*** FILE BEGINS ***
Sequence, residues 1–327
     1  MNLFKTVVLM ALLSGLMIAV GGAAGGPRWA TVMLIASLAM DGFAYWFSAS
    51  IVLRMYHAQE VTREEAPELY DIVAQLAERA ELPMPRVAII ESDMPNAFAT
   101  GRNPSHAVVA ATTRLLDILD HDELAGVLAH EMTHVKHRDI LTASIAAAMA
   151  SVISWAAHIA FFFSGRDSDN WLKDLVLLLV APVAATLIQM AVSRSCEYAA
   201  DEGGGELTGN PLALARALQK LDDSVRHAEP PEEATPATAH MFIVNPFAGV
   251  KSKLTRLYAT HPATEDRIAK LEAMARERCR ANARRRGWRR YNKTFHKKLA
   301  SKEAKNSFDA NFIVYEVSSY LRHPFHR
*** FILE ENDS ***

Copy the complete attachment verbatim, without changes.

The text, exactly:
Sequence, residues 1–327
     1  MNLFKTVVLM ALLSGLMIAV GGAAGGPRWA TVMLIASLAM DGFAYWFSAS
    51  IVLRMYHAQE VTREEAPELY DIVAQLAERA ELPMPRVAII ESDMPNAFAT
   101  GRNPSHAVVA ATTRLLDILD HDELAGVLAH EMTHVKHRDI LTASIAAAMA
   151  SVISWAAHIA FFFSGRDSDN WLKDLVLLLV APVAATLIQM AVSRSCEYAA
   201  DEGGGELTGN PLALARALQK LDDSVRHAEP PEEATPATAH MFIVNPFAGV
   251  KSKLTRLYAT HPATEDRIAK LEAMARERCR ANARRRGWRR YNKTFHKKLA
   301  SKEAKNSFDA NFIVYEVSSY LRHPFHR